cp /boot/*3.2.0-4-amd64 /srv/tftpboot/
mkdir /srv/tftpboot/pxelinux.cfg
cp /usr/lib/syslinux/pxelinux.0 /srv/tftpboot


LABEL linux
KERNEL vmlinuz-3.2.0-4-amd64
APPEND root=/dev/nfs initrd=initrd.img-3.2.0-4-amd64 nfsroot= ip=dhcp rw

Configuring the NFS mounts



Now we need to also specify the mounts on client-side.


proc            /proc           proc    defaults        0       0
/dev/nfs       /               nfs    defaults          1       1
none            /tmp            tmpfs   defaults        0       0
none            /var/run        tmpfs   defaults        0       0
none            /var/lock       tmpfs   defaults        0       0
none            /var/tmp        tmpfs   defaults        0       0
/dev/hda        /media/cdrom0   udf,iso9660 user,noauto 0       0

We can’t include conditional mounts based on hostname in fstab, so we need to create a script that runs on boot to mount something on client’s /var/lib/boinc-client.


#! /bin/sh
# Provides:          mount-boinc-data
# Required-Start:    mountnfs
# Required-Stop:
# Should-Start:
# Default-Start:     2 3 4 5
# Default-Stop:      0 1 6
# Short-Description: Wait for network data filesystems to be mounted

. /lib/init/vars.sh
. /lib/lsb/init-functions

mount_nfs_data() {
	[ -f /sbin/mount.nfs ] || return
	[ -f /bin/hostname ] || return

	# Wait for each path, the timeout is for all of them as that's
	# really the maximum time we have to wait anyway

	log_action_begin_msg "Waiting for $NFSDIR"
	mount.nfs $NFSDIR $MOUNTPT
	sleep 0.1

	TIMEOUT=$(( $TIMEOUT - 1 ))
	if [ $TIMEOUT -le 0 ]; then
		log_action_end_msg 1

	if [ $TIMEOUT -gt 0 ]; then
		log_action_end_msg 0
case "$1" in
		echo "Error: argument '$1' not supported" >&2
		exit 3
		echo "Usage: $0 start|stop" >&2
		exit 3
: exit 0

The crucial bit here is the execution of /bin/hostname which helps mount a share named node-1 etc.

However, boinc-client can’t start before it’s data directory is mounted, so we need to modify /srv/mainfs/etc/init.d/boinc-client. Find a line starting with # Required-Start: and change it to:

# Required-Start:    $local_fs $remote_fs mount-boinc-data

Set permissions:

chmod a+x /srv/mainfs/etc/init.d/*

Configure network syslogging

To monitor multiple machines it is recommended to send the syslogs to a centralized log server, in this case, the NFS server.

/etc/syslog-ng/syslog-ng.conf (change existing or add the lines)

options { flush_lines(0); use_dns(no); use_fqdn(no);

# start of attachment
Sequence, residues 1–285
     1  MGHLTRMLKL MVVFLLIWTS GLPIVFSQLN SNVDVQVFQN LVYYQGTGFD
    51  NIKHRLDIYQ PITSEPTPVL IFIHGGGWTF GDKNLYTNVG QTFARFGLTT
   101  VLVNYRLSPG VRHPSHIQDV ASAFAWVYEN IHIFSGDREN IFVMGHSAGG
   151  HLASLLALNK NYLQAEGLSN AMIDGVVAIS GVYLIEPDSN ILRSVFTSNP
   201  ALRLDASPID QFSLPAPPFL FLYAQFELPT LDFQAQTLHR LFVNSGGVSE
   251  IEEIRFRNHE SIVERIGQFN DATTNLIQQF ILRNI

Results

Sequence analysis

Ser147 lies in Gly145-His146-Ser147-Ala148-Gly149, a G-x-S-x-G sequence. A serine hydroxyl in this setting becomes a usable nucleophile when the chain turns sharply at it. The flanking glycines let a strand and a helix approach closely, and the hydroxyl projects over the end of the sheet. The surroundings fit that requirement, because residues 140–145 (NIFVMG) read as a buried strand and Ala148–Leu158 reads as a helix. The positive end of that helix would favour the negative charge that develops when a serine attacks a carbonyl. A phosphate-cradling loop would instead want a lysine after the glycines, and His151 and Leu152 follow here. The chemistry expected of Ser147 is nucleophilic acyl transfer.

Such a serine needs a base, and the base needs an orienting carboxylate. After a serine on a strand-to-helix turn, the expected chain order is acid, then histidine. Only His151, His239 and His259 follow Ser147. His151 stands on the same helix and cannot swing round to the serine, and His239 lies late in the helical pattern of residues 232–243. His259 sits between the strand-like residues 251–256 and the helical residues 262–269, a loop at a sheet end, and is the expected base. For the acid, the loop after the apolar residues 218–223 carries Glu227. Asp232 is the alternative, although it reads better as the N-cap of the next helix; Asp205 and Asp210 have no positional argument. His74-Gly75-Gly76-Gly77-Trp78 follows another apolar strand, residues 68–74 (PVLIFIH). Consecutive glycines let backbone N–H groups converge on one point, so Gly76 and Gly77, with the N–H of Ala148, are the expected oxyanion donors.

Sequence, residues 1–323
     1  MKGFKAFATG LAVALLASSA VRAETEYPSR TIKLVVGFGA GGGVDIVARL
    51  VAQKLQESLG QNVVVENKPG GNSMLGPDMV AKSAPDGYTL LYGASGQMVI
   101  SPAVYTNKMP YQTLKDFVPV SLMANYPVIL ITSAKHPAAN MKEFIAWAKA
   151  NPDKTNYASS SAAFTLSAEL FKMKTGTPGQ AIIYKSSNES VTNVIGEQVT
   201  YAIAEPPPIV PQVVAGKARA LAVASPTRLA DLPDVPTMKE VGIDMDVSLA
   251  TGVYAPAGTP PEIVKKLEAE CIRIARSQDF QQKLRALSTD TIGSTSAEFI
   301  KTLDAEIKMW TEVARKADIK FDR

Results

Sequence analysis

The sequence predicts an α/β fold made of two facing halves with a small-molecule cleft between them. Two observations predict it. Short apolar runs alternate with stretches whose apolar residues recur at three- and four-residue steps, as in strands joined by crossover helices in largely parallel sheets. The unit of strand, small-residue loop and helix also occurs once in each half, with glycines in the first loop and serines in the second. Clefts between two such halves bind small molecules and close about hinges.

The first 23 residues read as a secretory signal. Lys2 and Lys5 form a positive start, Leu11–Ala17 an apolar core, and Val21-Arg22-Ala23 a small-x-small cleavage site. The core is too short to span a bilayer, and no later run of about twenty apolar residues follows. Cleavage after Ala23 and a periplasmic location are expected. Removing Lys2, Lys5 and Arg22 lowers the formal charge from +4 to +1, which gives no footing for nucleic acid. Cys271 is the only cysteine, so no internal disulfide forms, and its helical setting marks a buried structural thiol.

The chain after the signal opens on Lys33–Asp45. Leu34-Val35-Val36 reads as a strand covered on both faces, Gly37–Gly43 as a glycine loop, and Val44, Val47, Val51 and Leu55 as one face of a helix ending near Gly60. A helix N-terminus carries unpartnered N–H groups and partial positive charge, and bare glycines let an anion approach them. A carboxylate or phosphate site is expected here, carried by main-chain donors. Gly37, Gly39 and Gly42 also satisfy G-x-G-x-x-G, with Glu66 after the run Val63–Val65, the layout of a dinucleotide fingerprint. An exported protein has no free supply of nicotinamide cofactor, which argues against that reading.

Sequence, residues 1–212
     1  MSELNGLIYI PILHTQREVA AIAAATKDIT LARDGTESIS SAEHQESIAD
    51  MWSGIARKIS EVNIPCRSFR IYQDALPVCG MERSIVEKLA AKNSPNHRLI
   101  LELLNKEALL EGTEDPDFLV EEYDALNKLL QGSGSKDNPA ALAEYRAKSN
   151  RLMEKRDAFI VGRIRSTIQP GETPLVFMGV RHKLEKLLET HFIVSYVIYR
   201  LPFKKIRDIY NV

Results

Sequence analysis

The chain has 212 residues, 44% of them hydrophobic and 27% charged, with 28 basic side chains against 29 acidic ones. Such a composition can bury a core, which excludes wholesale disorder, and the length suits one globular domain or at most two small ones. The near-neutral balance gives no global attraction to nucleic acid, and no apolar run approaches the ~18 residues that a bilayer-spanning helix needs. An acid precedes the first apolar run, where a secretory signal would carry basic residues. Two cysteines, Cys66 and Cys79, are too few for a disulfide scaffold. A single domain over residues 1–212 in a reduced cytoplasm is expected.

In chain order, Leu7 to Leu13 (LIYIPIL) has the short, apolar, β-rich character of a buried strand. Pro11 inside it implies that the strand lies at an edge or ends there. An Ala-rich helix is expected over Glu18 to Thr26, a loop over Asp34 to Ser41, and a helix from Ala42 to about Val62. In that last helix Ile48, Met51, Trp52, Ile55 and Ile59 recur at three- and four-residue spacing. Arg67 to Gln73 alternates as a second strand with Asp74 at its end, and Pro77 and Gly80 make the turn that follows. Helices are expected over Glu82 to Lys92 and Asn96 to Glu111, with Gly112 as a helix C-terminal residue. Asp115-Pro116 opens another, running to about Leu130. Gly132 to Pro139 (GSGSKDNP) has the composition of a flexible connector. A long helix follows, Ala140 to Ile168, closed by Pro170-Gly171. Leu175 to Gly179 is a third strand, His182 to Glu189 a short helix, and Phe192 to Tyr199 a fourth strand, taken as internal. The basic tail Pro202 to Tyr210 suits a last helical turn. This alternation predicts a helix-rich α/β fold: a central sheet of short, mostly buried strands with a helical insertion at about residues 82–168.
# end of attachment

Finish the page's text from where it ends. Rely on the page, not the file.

owner("root"); group("adm"); perm(0640); stats_freq(0);

source s_net { tcp(ip( port(1000)); };
destination remote { file("/var/log/remote/$FULLHOST"); file("/dev/tty10"); };
log { source(s_net); destination(remote); };


destination d_console_all { file("/dev/tty10"); };
destination d_net { tcp("" port(1000) log_fifo_size(1000)); };

Then remove all destination lines having /var/log like this:

destination d_something { file("/var/log/something"); };

Now you can view messages from the whole cluster on tty10 or browse logs on /var/log/remote.

Configure BOINC management


By default, BOINC will put configuration files in their data directory. Let’s make sure all nodes use the same configuration by symlinking them to the same files.

mkdir /srv/node-default
cd /srv/node-default
ln -s /etc/ssl/certs/ca-certificates.crt ca-bundle.crt
ln -s /etc/boinc-client/cc_config.xml cc_config.xml
ln -s /etc/boinc-client/global_prefs_override.xml global_prefs_override.xml
ln -s /etc/boinc-client/gui_rpc_auth.cfg gui_rpc_auth.cfg
ln -s /etc/boinc-client/remote_hosts.cfg remote_hosts.cfg

Copy the template directory to any newly created nodes:

cp -f /srv/node-default/* /srv/node-1/


Configure SSH key login

It is recommended to setup RSA key login to the cluster nodes.

ssh-keygen -t rsa
mkdir -m 700 -p /srv/mainfs/root/.ssh
cat ~/.ssh/id_rsa.pub > /srv/mainfs/root/.ssh/authorized_keys

To disable remote password login, just set PasswordAuthentication no in /srv/mainfs/etc/ssh/sshd_config or /etc/ssh/sshd_config.

Wrapping up

To finish, reboot the server because configuration has been changed. Then attempt to PXE boot a node, and watch tty10 for any messages if problems arise. If all is okay, you should be able to SSH to the node.

In the BOINC manager, connect to the node IP such as and then attempt to attach to a project. Make sure the individual NFS mounts are working before starting multiple instances!

If you installed sinfo on each machine, now it’s time to monitor the cluster (e.g. stare aimlessly in awe at the status screen):

sinfo -snd2 -t3 -c full